I spent a little time a while back thinking about buying or opening a bookstore. It is, and long has been, a difficult business to turn a profit in, but one can hardly blame Amazon.com for that. In fact, the modern model for opening a small bookstore is to ensure that you have a robust on-line presence, including the sale of used books on Amazon itself! I think the recommended mix was something like 20-30% of all sales being web-based (including direct sales, if you decide to host your own site).

    As for “higher” mediated culture, bah. It’s not all ugly now, and I daresay that this is a transition period, seeing how widespread use of the Internet is entirely a recent phenomenon. Amateur does not equal bad, especially in the arts.

  6. “In a world with fewer and fewer professional editors or reviewers, how are we to know what and whom to believe?”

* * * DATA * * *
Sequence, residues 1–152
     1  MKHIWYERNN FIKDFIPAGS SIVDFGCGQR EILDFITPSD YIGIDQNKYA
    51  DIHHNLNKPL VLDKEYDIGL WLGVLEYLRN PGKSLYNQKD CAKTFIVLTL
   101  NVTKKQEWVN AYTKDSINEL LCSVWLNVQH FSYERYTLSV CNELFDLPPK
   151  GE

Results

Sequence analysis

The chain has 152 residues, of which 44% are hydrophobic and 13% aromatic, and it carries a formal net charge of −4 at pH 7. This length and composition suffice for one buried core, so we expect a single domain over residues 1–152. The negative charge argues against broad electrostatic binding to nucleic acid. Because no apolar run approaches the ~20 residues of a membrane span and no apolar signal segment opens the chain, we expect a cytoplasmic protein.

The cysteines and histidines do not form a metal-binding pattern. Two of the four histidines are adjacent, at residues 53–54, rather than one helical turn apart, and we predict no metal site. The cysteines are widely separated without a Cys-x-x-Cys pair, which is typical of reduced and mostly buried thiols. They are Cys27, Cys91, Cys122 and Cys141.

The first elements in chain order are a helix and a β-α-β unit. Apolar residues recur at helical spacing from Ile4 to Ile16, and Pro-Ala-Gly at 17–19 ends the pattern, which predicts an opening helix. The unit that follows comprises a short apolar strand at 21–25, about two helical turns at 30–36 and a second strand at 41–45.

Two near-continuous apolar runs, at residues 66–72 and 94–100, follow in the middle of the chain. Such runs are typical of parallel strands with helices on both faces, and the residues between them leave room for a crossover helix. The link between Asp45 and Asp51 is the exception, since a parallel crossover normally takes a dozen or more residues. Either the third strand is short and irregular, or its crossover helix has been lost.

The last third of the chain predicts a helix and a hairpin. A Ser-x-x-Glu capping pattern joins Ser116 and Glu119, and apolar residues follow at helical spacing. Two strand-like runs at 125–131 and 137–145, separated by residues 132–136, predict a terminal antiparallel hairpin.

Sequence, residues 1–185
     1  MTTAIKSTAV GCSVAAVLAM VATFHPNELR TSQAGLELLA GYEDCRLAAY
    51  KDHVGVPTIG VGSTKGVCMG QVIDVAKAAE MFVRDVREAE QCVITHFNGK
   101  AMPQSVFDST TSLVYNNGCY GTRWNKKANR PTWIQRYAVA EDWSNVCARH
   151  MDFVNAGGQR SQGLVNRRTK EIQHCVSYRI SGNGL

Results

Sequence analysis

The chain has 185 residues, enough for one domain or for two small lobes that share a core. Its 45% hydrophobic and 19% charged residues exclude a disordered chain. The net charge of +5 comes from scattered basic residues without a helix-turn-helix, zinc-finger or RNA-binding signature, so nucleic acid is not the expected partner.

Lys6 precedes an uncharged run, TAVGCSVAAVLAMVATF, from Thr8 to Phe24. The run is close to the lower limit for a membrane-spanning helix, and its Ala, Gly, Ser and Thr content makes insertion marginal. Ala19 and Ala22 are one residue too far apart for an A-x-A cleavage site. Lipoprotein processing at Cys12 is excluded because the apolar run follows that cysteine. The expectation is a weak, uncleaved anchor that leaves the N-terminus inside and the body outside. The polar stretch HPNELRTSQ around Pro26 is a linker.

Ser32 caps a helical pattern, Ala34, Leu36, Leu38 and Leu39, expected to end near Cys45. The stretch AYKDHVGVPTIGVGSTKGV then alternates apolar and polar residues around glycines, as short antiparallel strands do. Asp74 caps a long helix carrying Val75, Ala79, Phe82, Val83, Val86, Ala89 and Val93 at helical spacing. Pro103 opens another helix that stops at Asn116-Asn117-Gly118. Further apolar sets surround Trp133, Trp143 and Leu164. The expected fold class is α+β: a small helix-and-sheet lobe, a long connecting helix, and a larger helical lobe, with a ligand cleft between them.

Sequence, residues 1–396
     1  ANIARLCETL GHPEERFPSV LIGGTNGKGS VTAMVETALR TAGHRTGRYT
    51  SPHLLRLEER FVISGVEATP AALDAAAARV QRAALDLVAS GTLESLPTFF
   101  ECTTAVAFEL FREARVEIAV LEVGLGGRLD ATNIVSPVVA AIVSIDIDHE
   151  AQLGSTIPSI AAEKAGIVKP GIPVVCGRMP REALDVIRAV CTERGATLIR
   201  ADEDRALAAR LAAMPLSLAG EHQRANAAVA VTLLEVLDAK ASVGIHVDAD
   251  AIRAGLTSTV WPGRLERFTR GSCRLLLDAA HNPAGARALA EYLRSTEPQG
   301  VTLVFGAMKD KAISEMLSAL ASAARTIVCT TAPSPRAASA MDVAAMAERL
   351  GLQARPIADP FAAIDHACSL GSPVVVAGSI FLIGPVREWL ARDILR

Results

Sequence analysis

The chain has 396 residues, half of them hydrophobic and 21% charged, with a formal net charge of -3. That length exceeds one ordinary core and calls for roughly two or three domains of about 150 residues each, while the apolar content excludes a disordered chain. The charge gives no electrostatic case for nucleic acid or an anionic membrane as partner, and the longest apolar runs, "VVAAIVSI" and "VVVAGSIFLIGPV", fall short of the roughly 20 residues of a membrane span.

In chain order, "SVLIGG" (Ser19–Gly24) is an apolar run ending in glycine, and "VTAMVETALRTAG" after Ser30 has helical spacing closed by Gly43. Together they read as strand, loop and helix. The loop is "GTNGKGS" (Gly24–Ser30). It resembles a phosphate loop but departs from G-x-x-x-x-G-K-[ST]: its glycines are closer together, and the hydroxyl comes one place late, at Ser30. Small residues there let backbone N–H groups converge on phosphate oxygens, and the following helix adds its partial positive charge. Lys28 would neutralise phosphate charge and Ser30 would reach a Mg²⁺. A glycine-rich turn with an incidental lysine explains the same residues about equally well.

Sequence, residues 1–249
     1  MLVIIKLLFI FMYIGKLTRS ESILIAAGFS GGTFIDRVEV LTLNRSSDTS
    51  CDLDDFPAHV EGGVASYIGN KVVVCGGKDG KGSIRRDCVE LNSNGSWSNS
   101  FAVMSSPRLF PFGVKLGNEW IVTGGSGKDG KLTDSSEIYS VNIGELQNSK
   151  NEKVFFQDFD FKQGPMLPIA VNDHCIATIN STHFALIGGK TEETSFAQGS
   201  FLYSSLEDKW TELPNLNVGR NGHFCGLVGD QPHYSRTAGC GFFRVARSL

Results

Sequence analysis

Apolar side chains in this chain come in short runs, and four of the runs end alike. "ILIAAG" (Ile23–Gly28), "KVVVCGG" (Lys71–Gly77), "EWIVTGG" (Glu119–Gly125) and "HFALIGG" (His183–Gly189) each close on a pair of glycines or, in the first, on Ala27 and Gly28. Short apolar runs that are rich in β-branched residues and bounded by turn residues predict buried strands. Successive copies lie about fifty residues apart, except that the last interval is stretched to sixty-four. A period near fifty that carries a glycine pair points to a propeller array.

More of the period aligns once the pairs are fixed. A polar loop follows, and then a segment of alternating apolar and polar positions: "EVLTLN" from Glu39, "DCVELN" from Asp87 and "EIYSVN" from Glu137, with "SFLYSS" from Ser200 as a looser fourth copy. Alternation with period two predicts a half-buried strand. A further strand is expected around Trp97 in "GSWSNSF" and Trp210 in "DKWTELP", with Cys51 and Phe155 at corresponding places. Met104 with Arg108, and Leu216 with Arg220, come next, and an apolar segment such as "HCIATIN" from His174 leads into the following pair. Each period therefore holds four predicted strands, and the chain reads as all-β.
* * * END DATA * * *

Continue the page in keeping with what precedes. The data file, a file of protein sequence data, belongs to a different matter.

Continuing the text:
Think for yourself?

    When I started writing the only legitimate publishing houses were in New York City. Today we have EPIC (Electronically Published Internet Connection) which lists dozens of publishers all over the world, including my publisher, Zumaya Publications in Austin, Texas.

  7. Bookstore?

    Those are the coffee places with all the reading material, right?

  8. joe,

    True, but people actually do buy books still. If I wasn’t Mike Brady, I might’ve risked it.

  9. “The History of the Decline and Fall of the Roman Empire” wasn’t written by “Gibbons”

    Worthy of Clarence Darrow at the Scopes trial!

  10. So is Seligman pointing out that the “The History of the Decline and Fall of the Roman Empire” was written by Edward Gibbon (sans the ‘s’) or claiming that it was written by someone else entirely. I’m a bit confused.

  11. sans the ‘s’

  12. I’d rank that up with typos rather than misplaced facts. Talk about nitpickery. And if it was used in possessive in the book, it would be correct I believe.

  13. nevermind, it would have needed an apostrophe.

  14. Gibbooooooonnnsssssssss! Gibby!

  15. “The History of the Decline and Fall of the Roman Empire” wasn’t written by “Gibbons”

    Well, if you chain two gibbons to a typewriter, it will be, given enough time.

  16. Lost in Translation,